(For more on the distinction between descriptive and prescriptive, visit: )

Sunday, April 13, 2008

Why I'm A Catholic Christian

Why? Well, to begin, I am flat out humbled by the mystery of reality, the riddle of the One and the Many, which confronts my intellect; as Peter Kreeft said, "One… specifically Christian mood [is] of joy and wonder at the sheer fact of existence... I love a quotation by Kirkegaard. He said, ‘I am terrified by everything, from the smallest gnat to the mystery of the incarnation.’” I feel no need to reduce reality purely to my own limited number of “clear and distinct ideas”; this is a Cartesian criterion which has become synonymous with “rationalism”, but is in fact an arbitrary and truncated perspective.

In addition to the confrontation of my intellect with the “sheer fact of existence” I also find, thrust upon my experience, the longing for an heretofore “unattainable ecstasy” which, by it’s very nature, cannot be found in the reality given to my senses or any subjective state of my being, and which is the ultimate object of my will.

I consider these two facts of my conscious existence akin to “non-reductive primitives” of the physical world like space and time; that is, they form a fundamental context and general qualification to all other knowledge and action I may consider. I must therefore -- compelled by the undeniable nature of these facts -- live my life driven by a “thirst for a wilder beauty than earth supplies”, beyond the limited scope of my abstract intellect, in pursuit of the mystery at the heart of reality.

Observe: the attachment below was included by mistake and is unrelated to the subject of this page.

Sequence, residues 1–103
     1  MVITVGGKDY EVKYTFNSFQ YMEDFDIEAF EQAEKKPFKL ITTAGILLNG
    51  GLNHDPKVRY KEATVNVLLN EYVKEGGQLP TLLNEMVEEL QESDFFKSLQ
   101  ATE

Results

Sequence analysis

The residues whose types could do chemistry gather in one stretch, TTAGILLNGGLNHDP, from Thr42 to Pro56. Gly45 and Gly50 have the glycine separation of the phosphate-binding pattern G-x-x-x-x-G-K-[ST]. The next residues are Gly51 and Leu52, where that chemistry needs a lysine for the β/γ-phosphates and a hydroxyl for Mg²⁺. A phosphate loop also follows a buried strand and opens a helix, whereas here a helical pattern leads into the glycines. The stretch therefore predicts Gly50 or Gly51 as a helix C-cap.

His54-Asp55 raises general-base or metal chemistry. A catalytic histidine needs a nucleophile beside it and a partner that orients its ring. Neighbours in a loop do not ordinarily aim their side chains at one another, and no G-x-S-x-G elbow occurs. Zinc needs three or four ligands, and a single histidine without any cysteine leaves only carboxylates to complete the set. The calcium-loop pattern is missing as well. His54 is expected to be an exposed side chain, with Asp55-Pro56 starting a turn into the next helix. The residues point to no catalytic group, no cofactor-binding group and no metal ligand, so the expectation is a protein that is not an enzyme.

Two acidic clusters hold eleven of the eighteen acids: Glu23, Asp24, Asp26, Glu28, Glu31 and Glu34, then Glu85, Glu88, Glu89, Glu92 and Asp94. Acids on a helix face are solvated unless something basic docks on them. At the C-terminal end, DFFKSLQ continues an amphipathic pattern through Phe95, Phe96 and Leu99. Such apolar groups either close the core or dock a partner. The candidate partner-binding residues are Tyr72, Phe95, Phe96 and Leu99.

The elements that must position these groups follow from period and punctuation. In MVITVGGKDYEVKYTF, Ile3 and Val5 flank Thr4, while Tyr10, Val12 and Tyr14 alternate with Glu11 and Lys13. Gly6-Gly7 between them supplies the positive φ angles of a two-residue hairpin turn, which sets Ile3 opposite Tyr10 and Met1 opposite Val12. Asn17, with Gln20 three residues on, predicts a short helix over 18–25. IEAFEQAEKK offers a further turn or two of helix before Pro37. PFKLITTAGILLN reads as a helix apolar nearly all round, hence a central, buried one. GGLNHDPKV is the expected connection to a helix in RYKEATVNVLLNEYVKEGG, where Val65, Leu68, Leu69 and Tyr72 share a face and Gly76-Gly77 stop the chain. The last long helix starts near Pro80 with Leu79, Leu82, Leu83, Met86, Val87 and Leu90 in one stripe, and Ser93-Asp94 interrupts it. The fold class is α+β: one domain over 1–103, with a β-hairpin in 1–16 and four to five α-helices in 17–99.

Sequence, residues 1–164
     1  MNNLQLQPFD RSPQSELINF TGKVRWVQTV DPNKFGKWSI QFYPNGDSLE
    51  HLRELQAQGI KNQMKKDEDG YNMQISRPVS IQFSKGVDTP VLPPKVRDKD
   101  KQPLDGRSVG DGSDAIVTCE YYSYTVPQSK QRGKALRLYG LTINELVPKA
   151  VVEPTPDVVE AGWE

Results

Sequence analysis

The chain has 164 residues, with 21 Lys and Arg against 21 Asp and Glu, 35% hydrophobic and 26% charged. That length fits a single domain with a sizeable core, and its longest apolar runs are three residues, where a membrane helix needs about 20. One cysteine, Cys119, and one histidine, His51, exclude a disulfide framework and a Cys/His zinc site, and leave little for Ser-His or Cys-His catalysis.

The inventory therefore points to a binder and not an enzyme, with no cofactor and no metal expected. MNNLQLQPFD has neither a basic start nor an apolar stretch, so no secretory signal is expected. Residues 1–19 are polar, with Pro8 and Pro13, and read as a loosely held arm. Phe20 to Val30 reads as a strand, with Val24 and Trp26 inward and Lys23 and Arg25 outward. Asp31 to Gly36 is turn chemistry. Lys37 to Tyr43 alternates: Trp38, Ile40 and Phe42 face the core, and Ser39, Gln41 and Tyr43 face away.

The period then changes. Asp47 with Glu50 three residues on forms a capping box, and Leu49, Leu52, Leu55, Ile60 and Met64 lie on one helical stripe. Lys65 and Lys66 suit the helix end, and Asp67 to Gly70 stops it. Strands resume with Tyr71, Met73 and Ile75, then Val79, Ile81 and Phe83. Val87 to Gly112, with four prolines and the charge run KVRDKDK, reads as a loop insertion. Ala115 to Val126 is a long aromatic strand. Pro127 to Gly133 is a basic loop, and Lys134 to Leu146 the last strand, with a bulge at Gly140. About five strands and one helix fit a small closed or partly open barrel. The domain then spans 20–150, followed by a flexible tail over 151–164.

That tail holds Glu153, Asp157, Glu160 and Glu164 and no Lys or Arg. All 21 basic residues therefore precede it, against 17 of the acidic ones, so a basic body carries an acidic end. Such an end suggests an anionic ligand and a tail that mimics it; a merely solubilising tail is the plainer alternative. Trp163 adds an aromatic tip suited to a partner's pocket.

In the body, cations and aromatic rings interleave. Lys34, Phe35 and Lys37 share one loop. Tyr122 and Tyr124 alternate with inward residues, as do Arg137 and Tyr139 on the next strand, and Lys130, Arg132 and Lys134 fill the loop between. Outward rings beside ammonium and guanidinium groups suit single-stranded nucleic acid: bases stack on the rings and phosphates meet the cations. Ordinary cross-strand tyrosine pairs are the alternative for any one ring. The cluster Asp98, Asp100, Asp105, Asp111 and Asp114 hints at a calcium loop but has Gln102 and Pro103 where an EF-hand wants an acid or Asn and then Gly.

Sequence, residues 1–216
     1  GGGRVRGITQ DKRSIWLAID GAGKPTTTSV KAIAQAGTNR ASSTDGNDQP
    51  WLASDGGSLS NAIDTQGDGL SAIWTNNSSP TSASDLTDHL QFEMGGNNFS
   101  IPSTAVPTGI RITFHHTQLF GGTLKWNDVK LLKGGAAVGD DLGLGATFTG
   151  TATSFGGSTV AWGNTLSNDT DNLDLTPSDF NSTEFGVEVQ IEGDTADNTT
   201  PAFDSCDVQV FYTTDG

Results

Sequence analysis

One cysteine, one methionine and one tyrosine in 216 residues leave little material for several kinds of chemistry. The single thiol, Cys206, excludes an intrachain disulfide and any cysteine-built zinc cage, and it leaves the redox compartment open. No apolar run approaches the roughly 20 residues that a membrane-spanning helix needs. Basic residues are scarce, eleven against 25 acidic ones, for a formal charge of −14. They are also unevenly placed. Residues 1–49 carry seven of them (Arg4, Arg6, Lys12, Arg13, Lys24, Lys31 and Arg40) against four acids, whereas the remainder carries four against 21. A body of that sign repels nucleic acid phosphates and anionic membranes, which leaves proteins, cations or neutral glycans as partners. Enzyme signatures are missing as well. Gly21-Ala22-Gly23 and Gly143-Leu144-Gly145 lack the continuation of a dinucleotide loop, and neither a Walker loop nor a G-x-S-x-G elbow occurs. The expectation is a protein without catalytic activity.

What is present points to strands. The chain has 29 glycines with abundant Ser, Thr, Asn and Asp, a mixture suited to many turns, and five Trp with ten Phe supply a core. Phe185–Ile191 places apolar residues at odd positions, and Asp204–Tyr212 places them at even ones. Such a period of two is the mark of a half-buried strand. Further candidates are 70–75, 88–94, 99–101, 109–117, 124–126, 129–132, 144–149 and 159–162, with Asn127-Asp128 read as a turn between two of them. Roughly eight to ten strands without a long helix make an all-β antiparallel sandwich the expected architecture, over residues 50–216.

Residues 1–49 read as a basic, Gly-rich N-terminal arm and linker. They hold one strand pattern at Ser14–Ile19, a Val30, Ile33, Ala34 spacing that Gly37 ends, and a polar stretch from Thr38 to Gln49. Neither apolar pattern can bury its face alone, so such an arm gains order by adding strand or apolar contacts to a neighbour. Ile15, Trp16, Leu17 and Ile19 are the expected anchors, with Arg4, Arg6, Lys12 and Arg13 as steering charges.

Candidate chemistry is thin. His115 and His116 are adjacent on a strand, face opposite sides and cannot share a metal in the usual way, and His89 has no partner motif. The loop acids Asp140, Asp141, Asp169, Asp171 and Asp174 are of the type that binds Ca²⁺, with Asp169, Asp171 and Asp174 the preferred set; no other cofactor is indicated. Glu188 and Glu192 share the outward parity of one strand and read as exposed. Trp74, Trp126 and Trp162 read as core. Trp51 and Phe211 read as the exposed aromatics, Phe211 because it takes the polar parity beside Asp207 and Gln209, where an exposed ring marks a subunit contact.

Any theory, philosophy or religion which conflicts with these primary data – data which, by the way, include their own implicit philosophies – will a-priori fail to do justice to all the given facts and are, for that reason, automatically suspect to my mind.

These facts taken alone might predispose me to seek Divine Revelation (supra-rational knowledge) as a sort of aesthetic capstone, a pleasant looking cherry on top to complete my worldview. However, I simply cannot take these facts alone, and, though I’ve so far given the impression that these data are convictions chronologically prior to my acceptance of Christianity, quite the opposite is in fact the case.

C.S Lewis, in Mere Christianity, writes, “[there are] two facts [which] are the foundation of all clear thinking about ourselves and the universe we live in: We know the Law of Nature; (we) break it." He goes on to explain why, once given a God-who-is-perfectly-good exists, this “fact” -- which I consider the third “non-reductive primitive,” so to speak, of our conscious existence -- must lead us, in so many words, to either despair or revelatory hope.

When I look back at my experience, first becoming an Evangelical Christian, I see all of these elements implicitly present. My (intellectual) humility, beginning as a child, together with my admitted failure to appease the voice of my conscience and my longing to be happy made me ripe for the reception of – and subsequent and repeated rededications to -- the message of Jesus Christ. Everything else that I accept as revelation is tied to this existential need for a savior met by the factual, historical figure, actions and claims of Jesus Christ.